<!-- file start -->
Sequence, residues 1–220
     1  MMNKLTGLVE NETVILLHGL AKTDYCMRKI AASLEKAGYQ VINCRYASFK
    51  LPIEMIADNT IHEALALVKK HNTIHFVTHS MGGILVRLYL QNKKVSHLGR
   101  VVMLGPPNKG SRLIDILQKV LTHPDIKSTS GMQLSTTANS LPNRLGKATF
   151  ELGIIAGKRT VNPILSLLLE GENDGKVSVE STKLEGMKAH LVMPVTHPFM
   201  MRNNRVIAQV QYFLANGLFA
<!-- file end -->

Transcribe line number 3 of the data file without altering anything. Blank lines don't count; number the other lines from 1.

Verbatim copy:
    51  LPIEMIADNT IHEALALVKK HNTIHFVTHS MGGILVRLYL QNKKVSHLGR